High pupil exclusion levels are creating concern

Worryingly high rates of exclusions have been reported for the 2016/17 academic year, with 45 schools excluding at least 20% of pupils

The Guardian has reported that 45 secondary schools in England excluded at least 20% of their pupils in the academic year 2016/17, something the government is now being urged to address.

The vast majority of these fixed-period exclusions (normally lasting up to three days) occurred in academies. Five others happened in schools run by local authorities, while six were at free schools.

The national average of pupils receiving a minimum of one suspension that year was 4.6%. Outwood academy Ormesby, however, excluded 41% of its pupils, amounting to 2,405 exclusions being handed out to 247 students.

Nine of the schools in question were part of the Outwood Grange multi-academy trust, with the Ormesby branch coming out on top for exclusion numbers.

A spokesperson for the trust defended its work, said that it had taken over “…some of the toughest schools in England,” and consistently turned around their performance. They added that, in many cases, the schools it had taken over had previously been excluding high numbers of children informally, making the increase in the number of official exclusions seem misleadingly worse.

Angela Rayner, the shadow education secretary, said the fact that some schools were recording such high rates of suspension “should be a matter of huge concern to the government, and to the schools affected”.

Earlier in the year, reports emerged which suggested that many schools may permanently exclude specific pupils just before exam season in order to ensure better overall results. The Department for Education launched a review into exclusions in March, but the report isn’t due until the end of the year.

Further statistics show that secondary schools in Middlesborough handed out the highest number of fixed-term exclusions overall – 11.67 students in every 100. Yorkshire and Humber averaged 5.8 per 100, with inner London handing out 5.3 per 100.

Cathryn Kirby, Ofsted’s regional director for the north East, Yorkshire and Humber, said before the exclusion report launched in March that, “Schools should only ever use exclusions as a last resort. If not properly applied, being removed from school can disrupt a child’s education and affect their future life chances.” This makes it all the more concerning that so many schools are seeing high rates of exclusions.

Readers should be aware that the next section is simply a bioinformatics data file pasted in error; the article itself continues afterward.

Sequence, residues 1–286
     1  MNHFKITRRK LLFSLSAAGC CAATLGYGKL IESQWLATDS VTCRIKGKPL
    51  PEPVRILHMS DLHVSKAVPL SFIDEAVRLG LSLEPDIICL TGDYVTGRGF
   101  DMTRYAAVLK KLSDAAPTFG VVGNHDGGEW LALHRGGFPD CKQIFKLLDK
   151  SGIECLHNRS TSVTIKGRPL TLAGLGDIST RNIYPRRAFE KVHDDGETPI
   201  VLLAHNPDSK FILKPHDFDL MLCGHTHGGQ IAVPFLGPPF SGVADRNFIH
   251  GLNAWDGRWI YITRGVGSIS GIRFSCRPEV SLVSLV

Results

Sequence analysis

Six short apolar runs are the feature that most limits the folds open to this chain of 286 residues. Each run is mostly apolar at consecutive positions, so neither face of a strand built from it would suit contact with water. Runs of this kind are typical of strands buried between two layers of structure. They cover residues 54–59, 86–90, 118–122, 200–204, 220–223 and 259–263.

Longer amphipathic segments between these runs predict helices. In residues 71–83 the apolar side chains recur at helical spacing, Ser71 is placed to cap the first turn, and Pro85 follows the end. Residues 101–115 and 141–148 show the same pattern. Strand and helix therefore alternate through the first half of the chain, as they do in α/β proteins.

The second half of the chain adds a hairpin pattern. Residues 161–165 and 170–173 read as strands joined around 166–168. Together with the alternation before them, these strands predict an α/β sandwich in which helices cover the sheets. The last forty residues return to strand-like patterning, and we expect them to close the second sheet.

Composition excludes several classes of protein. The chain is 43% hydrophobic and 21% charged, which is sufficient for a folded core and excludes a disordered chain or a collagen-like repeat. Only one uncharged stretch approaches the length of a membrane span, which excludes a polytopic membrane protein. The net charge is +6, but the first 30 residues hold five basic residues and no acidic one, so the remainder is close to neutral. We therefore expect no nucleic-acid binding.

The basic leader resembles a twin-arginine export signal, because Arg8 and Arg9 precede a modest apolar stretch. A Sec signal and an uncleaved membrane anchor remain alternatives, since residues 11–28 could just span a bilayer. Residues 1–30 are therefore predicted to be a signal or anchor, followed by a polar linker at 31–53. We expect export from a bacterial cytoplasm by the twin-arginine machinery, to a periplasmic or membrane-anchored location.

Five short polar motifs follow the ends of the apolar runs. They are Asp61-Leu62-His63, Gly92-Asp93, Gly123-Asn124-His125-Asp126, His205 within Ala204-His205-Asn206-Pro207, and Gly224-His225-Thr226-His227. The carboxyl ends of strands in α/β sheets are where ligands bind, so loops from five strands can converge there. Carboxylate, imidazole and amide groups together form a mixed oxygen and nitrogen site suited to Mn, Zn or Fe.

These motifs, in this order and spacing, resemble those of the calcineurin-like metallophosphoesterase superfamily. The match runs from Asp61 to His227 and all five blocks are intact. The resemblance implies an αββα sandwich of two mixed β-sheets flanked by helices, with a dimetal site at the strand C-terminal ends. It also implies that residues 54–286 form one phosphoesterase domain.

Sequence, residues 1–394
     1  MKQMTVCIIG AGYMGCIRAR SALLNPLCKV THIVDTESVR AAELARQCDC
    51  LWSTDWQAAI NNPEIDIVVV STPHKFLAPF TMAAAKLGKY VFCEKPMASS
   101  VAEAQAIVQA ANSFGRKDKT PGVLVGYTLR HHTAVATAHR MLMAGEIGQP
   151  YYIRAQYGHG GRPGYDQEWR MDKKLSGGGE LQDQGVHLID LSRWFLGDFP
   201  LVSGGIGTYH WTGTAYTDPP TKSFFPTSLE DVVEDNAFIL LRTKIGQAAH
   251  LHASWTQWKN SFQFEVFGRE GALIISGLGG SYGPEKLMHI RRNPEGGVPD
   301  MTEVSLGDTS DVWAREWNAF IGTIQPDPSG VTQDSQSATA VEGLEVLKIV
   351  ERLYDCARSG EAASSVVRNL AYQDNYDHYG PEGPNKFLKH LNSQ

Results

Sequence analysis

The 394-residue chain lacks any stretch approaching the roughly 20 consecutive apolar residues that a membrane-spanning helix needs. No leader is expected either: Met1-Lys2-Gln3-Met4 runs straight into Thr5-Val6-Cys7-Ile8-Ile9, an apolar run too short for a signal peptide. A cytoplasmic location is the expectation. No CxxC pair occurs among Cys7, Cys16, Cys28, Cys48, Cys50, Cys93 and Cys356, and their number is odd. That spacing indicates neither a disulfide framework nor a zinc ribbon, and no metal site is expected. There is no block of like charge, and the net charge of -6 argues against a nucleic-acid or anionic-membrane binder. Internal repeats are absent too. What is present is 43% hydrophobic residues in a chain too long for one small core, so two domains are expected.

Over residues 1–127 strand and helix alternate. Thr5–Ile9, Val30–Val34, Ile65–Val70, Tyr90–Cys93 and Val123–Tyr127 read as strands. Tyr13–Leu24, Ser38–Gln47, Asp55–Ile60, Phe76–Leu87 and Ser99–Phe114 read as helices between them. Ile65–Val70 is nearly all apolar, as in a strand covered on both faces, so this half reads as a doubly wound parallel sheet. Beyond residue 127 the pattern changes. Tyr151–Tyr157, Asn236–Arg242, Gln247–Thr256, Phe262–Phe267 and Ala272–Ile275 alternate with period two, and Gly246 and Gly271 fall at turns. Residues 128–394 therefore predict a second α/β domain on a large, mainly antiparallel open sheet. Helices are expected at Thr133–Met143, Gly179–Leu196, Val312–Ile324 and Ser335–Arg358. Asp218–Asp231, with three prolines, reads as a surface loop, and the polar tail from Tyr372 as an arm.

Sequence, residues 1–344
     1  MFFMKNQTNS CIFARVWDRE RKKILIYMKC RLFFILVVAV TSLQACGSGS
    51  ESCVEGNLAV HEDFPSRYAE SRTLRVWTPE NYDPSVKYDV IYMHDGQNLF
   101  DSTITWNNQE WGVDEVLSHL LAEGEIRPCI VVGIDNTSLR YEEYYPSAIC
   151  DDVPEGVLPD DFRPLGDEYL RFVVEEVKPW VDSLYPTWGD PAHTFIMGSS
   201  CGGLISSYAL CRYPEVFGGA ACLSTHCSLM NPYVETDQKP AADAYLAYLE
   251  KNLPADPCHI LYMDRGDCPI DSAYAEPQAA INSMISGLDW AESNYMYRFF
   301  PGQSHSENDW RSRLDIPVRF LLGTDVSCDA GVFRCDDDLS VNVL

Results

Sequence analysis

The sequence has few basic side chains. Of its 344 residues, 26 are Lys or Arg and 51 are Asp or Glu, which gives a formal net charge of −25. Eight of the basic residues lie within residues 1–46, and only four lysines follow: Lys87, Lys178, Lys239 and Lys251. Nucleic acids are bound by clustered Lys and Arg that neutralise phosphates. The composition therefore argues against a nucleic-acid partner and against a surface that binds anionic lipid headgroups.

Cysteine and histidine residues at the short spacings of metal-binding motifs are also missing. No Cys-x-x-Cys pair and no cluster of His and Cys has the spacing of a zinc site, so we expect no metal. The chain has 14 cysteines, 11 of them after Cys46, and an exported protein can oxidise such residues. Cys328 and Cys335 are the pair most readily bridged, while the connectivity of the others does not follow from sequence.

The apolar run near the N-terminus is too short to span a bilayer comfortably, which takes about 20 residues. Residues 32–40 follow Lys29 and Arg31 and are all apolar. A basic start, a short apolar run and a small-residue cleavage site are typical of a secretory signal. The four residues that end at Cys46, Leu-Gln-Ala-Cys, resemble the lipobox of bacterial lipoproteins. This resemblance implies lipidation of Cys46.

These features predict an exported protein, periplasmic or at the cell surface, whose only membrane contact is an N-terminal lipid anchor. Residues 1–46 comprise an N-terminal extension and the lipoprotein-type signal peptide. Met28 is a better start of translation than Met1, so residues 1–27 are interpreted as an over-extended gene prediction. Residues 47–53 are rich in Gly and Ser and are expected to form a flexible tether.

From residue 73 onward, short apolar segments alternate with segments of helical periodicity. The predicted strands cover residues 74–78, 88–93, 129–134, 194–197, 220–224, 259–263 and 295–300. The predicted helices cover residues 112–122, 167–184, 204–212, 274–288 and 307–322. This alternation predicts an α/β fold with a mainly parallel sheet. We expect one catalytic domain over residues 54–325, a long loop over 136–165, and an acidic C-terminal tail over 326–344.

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Kevin Courtney, joint general secretary of the National Education Union, confirmed that too many pupils are being excluded.

“Real-terms funding cuts have forced schools to make behavioural and specialist learning support assistants redundant, many of whom supported pupils at risk of exclusion, including those with special educational needs or disabilities (SEND),” he said. “Alongside this, schools have lost external support because of the funding cuts to local authority specialist support services.

“The reasons for a huge variance in rates of permanent and fixed term exclusions need to be examined carefully. However, it is clear that the competitive and fragmented system produced by the academy reforms encourages schools to compete for the pupils most likely to get high grades and increase exclusions of pupils who may be more challenging to teach.”

A spokesperson for the Department for Education added:

“While we know that there has been an increase in exclusions there are still fewer than the peak ten years ago. We have launched an externally led review to look at how exclusions are used and why certain groups are disproportionally affected.”

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